- Some characters have styles that are specifically distinct from mine, so some characters will look more differently in my versions than others. Depending on how distinct the style of a certain character is from mine, I may ignore that character on purpose, unless requests entice me to challenge myself.
- Although I am creating a new interpretation of these characters, I will try to maintain the essence of their original designs, if there are certain features about them that in my style wouldn’t look the same. For example, I generally don’t give my characters dots for eyes, but if I am drawing a character with this trait, I will simply make the irises bigger.
- As usual, if you wish to share my work, you may do so for as long as you credit me. If you wish to use my work in any way, feel free to either comment or send a contact form on the Contact page.
And so let Harry Potter Edition begin!
Ron Weasley, Harry Potter
He always considered himself second-best, so why not make him first in this round? Like many of the characters in this round, I continued the theme of making the characters wear their house scarves, as I did with Harry. In keeping things book accurate, I tried to make Ron appear taller than the other non-adult characters in this round, and give him his long nose and freckles. I didn’t want to make his hands and feet too big, so it’s not terribly evident here when compared to the other drawings. His hair was a chore in a similar way to Harry’s, which lends itself to many styles.
Hermione Granger, Harry Potter
Don’t tell me you didn’t know who was next! For this feminist icon, I knew I had to give Hermione a book to reflect her penchant for learning, and to also give her the larger front teeth that not too many artists give her. Her hair and vinewood wand were particularly fun to draw. Harry Potter and the Cursed Child proved to us that these characters aren’t necessarily Caucasian, and while I stuck to what we’re used to for this round, I’m open to rendering this drawing with a Hermione of African descent if I get a request.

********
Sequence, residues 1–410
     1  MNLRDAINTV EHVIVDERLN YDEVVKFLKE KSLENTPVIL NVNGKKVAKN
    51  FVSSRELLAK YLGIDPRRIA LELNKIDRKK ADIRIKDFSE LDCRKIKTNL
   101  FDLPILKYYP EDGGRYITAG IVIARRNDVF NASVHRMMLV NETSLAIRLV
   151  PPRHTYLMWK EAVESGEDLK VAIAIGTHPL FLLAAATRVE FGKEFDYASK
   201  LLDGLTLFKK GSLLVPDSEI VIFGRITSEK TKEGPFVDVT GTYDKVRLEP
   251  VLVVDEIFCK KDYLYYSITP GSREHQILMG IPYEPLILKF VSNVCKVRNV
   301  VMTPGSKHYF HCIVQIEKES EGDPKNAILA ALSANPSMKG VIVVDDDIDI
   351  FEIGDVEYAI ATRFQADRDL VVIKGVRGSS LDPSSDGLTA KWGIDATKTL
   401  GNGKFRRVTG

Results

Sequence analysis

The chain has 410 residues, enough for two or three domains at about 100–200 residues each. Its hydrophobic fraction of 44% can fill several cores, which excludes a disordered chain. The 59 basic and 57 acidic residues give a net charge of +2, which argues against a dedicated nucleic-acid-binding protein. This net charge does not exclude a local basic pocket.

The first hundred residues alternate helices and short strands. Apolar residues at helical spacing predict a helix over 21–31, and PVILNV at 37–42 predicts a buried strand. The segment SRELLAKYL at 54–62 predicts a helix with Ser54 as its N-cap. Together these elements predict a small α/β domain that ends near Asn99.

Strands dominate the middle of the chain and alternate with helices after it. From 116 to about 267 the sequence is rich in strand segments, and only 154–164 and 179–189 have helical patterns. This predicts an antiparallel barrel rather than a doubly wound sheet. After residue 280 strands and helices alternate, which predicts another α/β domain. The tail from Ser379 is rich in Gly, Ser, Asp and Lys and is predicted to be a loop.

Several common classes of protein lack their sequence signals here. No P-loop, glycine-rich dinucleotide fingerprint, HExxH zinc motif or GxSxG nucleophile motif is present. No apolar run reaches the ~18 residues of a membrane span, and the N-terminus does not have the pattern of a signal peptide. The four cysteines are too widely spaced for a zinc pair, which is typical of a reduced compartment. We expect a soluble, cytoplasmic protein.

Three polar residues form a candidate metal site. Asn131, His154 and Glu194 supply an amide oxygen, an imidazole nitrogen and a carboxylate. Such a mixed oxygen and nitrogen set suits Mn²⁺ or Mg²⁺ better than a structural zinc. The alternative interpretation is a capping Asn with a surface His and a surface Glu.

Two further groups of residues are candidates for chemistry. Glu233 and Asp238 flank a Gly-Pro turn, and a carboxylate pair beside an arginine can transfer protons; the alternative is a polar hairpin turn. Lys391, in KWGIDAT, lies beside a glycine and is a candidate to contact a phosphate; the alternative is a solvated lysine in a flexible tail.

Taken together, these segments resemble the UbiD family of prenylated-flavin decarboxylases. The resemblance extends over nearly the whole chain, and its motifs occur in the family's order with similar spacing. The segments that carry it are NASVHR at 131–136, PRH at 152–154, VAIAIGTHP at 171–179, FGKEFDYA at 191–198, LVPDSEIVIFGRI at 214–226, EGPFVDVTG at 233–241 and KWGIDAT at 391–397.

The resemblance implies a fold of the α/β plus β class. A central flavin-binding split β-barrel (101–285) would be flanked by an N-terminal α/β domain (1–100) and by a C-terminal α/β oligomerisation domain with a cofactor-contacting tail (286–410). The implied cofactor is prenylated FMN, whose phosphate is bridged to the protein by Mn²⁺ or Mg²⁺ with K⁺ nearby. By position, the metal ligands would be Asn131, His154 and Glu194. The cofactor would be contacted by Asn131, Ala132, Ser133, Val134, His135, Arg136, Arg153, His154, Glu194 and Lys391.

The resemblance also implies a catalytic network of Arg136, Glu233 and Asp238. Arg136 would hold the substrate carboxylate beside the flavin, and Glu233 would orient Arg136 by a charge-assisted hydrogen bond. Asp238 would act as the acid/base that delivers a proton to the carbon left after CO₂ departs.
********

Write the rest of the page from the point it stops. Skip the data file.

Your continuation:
Albus Dumbledore, Harry Potter
Ah, the great Headmaster of Hogwarts, a legend of the wizarding world! While I’m clearly aware of the younger version of the character you may be watching in theaters today, for the purposes of this round, we’ll be sticking to the good-old classic Merlin-like version. The character has many robes, but I ultimately went with the crimson-red ones. It took me some time to understand the specifics of the character’s facial hair and how it went against his head hair, but I eventually got it. It was particularly fun to draw the Elder Wand, given its significance as one of the most powerful artifacts ever to grace the pages of children’s literature. And of course, you got to have that long nose that’s crooked in two places.
Rubeus Hagrid, Harry Potter
I did something interesting for the benevolent half-giant, and purposefully made his drawing a bit larger here to accentuate his size. I also wanted to give him a joyful facial expression to highlight his tendency to bring light to an otherwise dark situation. I didn’t realize it at first, but his facial hair is designed in a similar manner as Dumbledore’s. As what remains of Hagrid’s wand is stored in his umbrella, I decided to add it in by making it stick out of his pocket, which I decided on after I folded his arms. He first brought us to the wizarding world, and I’m sure he’s more than happy to be brought here.
Neville Longbottom, Harry Potter
The first thing you may have noticed right away about Neville here is that he has blond hair compared to his brown hair in the films. Another thing you may notice is that he’s holding the Mimbulus mimbletonia plant in one hand and his wand in the other, the former which I wanted to include as a reference to his love for plants. His facial expression reflects the personality he had in the earlier books, compared to what he eventually becomes later in the series (pretty much after he gets that particular plant, and especially after he gets that wand).